Investors should reevaluate their risk aversion, including the maximum downside loss with which they are truly comfortable. Although we anticipate that markets will trend upward in the long-run, investors need to consider their staying power during periods of significant wealth destruction before determining their return target.
Every investment has risks. For instance, many investors believed real estate property values could not decline, which we soon discovered to be far from the truth. As stated by legendary investor John Bogle, “When reward is at its pinnacle, risk is near at hand.”
3. Correlations Increase in Times of Market Stress
Investment professionals have widely accepted the portfolio construction process of Modern Portfolio Theory (MPT). MPT suggests that by combining a series of uncorrelated asset classes with favorable risk/reward characteristics, an investor can reduce overall portfolio volatility. While the theory holds true over the long-run, during periods of extreme market stress the correlations of riskier asset classes tend to converge.
Even effective long-term portfolio diversifiers such as commodities and REITs fell when stocks tumbled in 2008. The correlation of the DJ UBS Commodity Index to the S&P 500 increased exponentially from 0.05 before Lehman Brothers’ collapse to 0.84 afterwards. In addition, the DJ Wilshire REIT Index went from a correlation of 0.37 to 0.85 over the same time period. Many market observers contend that the integration of capital markets and free trade have decreased the diversification benefits between asset classes. Should market integration continue to increase, investors may have difficulty identifying asset classes with long-term diversification benefits.
Despite recent challenges, several asset classes held their diversification benefits from 2008 to early 2009. Most notably government and municipal bonds maintained fairly low correlations to equities during the market downturn. Additionally, hedge fund of funds had moderately low correlations to domestic equities, despite experiencing declines as leverage unwound in late 2008. Investors should remember that history has repeatedly proven the benefits of remaining broadly diversified over full market cycles. While maintaining diversification may not prevent portfolio losses in down markets, it should continue to mitigate portfolio volatility over the long-term.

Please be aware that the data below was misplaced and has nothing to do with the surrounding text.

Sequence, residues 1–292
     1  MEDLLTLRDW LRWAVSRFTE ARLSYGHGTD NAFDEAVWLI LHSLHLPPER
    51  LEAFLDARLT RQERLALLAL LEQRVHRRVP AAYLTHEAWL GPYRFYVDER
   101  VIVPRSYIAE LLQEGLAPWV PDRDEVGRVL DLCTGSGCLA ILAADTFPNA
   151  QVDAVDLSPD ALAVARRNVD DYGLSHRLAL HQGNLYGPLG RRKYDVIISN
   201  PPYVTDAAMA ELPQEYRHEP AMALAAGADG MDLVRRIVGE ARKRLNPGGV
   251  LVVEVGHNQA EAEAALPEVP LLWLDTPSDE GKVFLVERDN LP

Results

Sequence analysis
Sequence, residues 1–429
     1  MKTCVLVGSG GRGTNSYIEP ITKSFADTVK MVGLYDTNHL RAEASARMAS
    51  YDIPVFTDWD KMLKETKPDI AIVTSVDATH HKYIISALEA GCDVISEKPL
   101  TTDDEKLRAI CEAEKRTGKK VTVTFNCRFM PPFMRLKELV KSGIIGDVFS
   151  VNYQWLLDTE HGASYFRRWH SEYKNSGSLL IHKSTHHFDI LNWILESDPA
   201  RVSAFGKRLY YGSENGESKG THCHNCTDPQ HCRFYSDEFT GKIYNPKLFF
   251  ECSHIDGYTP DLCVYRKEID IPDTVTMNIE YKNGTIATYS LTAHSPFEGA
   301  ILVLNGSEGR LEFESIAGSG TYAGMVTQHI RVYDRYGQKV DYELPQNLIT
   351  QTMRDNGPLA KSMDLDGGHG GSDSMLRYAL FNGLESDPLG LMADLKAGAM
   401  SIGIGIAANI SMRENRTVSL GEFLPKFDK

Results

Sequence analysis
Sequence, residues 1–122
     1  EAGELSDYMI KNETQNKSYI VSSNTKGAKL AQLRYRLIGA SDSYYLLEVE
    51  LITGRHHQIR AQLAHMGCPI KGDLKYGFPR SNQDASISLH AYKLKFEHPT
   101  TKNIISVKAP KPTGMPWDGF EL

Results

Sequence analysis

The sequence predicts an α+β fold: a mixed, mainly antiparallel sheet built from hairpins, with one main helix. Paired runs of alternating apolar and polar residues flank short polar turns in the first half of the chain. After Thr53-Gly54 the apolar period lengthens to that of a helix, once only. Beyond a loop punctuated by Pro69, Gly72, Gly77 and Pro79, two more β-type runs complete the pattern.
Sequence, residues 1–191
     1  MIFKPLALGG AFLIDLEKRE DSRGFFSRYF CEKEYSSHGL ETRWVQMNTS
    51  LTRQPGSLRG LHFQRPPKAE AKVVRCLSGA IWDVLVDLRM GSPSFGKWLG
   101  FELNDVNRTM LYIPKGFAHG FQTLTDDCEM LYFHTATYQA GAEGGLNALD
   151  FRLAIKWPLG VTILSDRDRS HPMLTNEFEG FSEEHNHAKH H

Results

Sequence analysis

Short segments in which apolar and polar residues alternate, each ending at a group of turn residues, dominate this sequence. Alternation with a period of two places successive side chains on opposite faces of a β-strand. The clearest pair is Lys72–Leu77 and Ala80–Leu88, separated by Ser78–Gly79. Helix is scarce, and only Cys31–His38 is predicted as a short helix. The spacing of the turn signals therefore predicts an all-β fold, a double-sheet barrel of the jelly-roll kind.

Peter Mustian, MBA, is a principal and director at Innovest Portfolio Solutions LLC. He is also a member of the Capital Markets Research Group, responsible for asset allocation studies and portfolio construction and Innovest’s Investment Committee, which makes decisions on investment related research and due diligence. He has more than nine years experience in the investment industry.
Eric Overbey is a consultant and vice president at Innovest and is a member Innovest’s Investment Committee, which makes decisions on investment related research and due diligence. He is also a member of the firm’s Capital Markets Research Group and the Due Diligence Group, responsible for both qualitative and quantitative manager due diligence.